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 Wrong time to invade Zululand & invade as one.

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Dave

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PostSubject: Wrong time to invade Zululand & invade as one.   Sun Jun 19, 2011 10:31 am

Why did the British choose the rainy season to invade. ( This alone would have slowed the whole process down making it easy for the Zulus to attack a slow moving column in the open.

Was it necessary to split the advancing columns,could they not have invaded as one. The intention had been to prevent the Zulu army escaping, upon entering Zululand all of the three columns were to far apart to help each other.






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Chard1879

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PostSubject: Re: Wrong time to invade Zululand & invade as one.   Sun Jun 19, 2011 11:30 am

"Chelmsford originally planned to send five separate columns into Zululand, and essentially prevent the Zulu’s from avoiding a major confrontation by surrounding them. This was changed into three columns, the 4th and 1st columns continued as originally planned, but the 3rd and 2nd merged into a larger central column. The fifth column, consisting of roughly 2,300 men did not enter Zululand at all."
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90th

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PostSubject: Wrong time to invade zululand   Sun Jun 19, 2011 2:09 pm

Hi Dave.
This has been covered fairly well on the forum , but I'm not sure where it is ! .
cheers 90th.
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Mr Greaves

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PostSubject: Re: Wrong time to invade Zululand & invade as one.   Fri Jun 24, 2011 1:22 pm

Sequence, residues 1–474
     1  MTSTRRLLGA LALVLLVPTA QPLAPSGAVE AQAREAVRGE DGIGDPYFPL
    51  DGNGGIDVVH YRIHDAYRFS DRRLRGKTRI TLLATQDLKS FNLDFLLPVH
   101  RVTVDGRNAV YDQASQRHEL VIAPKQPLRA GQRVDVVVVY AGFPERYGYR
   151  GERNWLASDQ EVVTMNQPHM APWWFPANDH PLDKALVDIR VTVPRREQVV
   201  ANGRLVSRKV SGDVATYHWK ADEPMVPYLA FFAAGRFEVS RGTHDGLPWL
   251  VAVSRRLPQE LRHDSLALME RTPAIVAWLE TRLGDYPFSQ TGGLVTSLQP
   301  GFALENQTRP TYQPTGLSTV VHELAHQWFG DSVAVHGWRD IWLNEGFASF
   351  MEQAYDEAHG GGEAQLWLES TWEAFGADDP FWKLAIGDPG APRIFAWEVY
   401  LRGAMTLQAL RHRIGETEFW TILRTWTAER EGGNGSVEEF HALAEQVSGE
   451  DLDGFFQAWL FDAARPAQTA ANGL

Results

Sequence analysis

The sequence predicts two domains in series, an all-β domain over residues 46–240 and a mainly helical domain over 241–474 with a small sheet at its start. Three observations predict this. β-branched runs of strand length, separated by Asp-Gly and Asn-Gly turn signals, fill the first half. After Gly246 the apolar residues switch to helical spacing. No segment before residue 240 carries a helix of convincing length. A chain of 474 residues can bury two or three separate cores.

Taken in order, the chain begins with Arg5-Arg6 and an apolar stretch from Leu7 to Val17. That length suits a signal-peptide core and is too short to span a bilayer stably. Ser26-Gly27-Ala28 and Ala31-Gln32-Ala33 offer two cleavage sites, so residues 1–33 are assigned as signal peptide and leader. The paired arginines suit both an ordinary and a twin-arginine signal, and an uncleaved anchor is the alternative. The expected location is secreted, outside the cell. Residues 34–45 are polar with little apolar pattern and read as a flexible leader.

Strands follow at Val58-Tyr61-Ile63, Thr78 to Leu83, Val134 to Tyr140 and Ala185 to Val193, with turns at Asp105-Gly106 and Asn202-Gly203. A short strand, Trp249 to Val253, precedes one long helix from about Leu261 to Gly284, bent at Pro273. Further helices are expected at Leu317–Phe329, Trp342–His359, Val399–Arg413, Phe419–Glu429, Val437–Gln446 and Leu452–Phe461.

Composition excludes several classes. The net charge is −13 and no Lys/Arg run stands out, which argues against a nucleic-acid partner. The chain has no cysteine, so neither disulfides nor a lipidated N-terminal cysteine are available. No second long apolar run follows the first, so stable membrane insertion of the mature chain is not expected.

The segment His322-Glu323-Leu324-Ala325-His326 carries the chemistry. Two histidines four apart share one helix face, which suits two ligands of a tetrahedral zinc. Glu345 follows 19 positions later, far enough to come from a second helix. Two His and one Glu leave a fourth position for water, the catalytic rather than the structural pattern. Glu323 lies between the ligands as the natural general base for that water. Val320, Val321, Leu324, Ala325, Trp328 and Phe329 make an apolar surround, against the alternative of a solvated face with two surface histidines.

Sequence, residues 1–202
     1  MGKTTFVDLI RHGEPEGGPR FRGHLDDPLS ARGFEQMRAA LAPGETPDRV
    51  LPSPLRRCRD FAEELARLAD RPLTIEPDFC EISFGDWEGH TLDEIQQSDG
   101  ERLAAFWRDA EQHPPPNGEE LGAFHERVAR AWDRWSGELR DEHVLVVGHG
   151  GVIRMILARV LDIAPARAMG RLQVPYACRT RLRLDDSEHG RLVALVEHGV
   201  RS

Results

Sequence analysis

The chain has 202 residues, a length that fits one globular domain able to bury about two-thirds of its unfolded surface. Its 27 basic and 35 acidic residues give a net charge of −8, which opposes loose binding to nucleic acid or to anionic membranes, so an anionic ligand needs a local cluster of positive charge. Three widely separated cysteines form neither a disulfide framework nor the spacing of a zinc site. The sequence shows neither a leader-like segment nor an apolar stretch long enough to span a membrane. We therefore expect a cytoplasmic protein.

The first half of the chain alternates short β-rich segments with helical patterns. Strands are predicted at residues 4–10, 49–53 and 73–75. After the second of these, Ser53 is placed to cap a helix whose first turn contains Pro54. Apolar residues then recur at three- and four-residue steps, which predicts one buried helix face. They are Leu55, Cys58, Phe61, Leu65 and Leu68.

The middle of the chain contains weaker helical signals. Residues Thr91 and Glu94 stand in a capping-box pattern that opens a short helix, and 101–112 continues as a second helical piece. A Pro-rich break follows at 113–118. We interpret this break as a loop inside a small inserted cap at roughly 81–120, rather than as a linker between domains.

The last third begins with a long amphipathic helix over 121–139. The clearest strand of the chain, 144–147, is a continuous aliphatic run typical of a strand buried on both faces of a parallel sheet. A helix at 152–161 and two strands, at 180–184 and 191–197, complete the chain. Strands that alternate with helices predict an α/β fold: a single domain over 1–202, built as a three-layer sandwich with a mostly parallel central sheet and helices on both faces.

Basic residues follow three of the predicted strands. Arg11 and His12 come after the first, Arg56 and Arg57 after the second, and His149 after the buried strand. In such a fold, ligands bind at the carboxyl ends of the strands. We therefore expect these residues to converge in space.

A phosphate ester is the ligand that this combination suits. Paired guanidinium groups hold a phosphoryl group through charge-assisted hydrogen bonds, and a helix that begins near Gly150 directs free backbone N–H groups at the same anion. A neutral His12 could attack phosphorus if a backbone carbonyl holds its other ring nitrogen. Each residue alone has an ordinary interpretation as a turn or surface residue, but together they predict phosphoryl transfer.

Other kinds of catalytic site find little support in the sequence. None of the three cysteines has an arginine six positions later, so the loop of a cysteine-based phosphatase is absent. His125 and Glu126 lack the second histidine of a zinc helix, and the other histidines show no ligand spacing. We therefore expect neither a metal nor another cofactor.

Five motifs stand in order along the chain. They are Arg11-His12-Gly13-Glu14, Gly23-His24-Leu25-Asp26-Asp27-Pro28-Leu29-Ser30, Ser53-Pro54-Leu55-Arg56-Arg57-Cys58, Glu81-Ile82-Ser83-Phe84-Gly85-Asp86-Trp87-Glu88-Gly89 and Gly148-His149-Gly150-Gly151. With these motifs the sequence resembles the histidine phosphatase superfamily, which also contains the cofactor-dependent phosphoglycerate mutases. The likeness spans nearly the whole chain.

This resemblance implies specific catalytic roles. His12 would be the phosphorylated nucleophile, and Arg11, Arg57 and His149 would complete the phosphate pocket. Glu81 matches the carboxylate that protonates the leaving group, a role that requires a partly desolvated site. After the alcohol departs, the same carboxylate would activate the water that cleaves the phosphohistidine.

It appears that the British had invaded Zululand prior to the 11th Jan., which would have been a Saturday,

Newman states:
“During the afternoon on the Wednesday (Which would have been the 8th Jan) the camp was startled by a sentry sending in news that several mountain men were coming down to the river from the Zulu said, and at that distance, it was impossible to distinguish who or what they were. All turned out and hurried down to the drift. Where the punt was working. And it was then discovered that the visitors were not Zulus at all; but the party consisted of Captain Barton and Lieutenant Baron Von Steitencron, of the frontier light horse, with an escort of one corporal and three men, who had made a most adventurous ride from Colonel Wood’s column, which we learnt had crossed the Blood River on the previous Monday morning, (That would have been on the 6th Jan) and were encamped a few miles in Zululand.”

So could we say the Hostilities? Actually began on the 6th Jan when Wood’s cross into Zululand. Because its was not for the intention of peace talks.

(I could be wrong, I don’t know)

Source> In Zululand with the British Army.
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old historian2

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PostSubject: Re: Wrong time to invade Zululand & invade as one.   Fri Jun 24, 2011 9:46 pm

Has this not been mentioned before, it other history books.
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Chelmsfordthescapegoat

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PostSubject: Re: Wrong time to invade Zululand & invade as one.   Sat Jun 25, 2011 12:04 am

Mr. G.
No. 4 Column under Colonel Wood did cross on the 6th January in preparation for the advance up the Zulu coast.